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Effect of switching from intramuscular interferon β-1a to oral fingolimod on time to relapse in patients with relapsing–remitting multiple sclerosis enrolled in a 1-year extension of TRANSFORMS
Contemporary Clinical Trials, pages 69 - 74
In the absence of controlled, parallel-group studies, statistical methods developed to estimate treatment effects in patients receiving alternative/rescue treatment in clinical trials may be used to estimate the effects of multiple sclerosis (MS) therapy switch using available clinical trial data.
To use TRANSFORMS data and parametric models to assess the time to first confirmed relapse in MS patients who switched from intramuscular interferon β-1a (IFNβ-1a IM) 30 μg/mL once weekly to oral fingolimod 0.5 or 1.25 mg once daily vs. remaining on IFNβ-1a IM.
Post hoc analyses were conducted using data from the intent-to-treat population. The Branson and Whitehead switch model with iterative parameter estimation was used to estimate the ratio of the observed time to first confirmed relapse over the estimated time.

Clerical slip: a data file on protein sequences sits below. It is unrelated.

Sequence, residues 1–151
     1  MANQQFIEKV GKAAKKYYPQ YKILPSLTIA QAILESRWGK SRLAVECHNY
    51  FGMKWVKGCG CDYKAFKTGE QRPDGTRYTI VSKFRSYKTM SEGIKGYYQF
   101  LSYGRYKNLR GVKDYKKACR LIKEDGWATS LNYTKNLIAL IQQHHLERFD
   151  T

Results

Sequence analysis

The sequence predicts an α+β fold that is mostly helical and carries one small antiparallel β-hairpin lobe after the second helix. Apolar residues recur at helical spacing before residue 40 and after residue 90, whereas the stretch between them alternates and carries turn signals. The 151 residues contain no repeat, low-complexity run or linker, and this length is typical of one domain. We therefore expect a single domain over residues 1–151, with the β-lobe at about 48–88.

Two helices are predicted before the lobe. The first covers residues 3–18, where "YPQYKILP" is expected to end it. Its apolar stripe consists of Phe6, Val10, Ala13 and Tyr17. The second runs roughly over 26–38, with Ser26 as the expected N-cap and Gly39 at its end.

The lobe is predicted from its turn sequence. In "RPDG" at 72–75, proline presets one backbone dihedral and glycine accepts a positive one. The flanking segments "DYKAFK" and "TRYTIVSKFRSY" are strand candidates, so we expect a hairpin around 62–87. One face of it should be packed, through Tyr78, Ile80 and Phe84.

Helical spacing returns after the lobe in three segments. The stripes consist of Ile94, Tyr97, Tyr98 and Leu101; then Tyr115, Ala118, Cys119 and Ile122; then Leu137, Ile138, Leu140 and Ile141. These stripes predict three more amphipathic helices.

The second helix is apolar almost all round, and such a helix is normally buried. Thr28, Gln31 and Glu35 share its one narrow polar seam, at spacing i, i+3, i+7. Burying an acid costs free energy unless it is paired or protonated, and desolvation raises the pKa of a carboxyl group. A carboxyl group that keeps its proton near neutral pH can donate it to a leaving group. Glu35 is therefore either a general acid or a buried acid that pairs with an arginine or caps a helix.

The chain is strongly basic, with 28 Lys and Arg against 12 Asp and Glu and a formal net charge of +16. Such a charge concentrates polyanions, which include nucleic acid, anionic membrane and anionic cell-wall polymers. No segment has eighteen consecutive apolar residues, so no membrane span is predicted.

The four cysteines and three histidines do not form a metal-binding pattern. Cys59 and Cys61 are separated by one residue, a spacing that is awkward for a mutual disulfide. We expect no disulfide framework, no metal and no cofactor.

Log-linear regression model results showed that fingolimod 0.5 and 1.25 mg prolonged time to relapse, with an estimated median time to first relapse of 5.07 years (P = 0.0026 vs. IFNβ-1a IM) and 4.11 years (P = 0.0113), respectively, versus 2.26 years with IFNβ-1a IM. The estimated ratio of observed time to first confirmed relapse to the estimated time had the patient remained on IFNβ-1a IM was 2.09 (95% CI, 1.45–3.04) for switching to fingolimod 0.5 mg and 1.84 (95% CI, 1.30–2.65) for switching to fingolimod 1.25 mg.
During the extension, time to first confirmed relapse was approximately doubled in patients switching from IFNβ-1a IM to fingolimod. These analytic methods may be useful in evaluating treatment switch effects in clinical trials with extension data.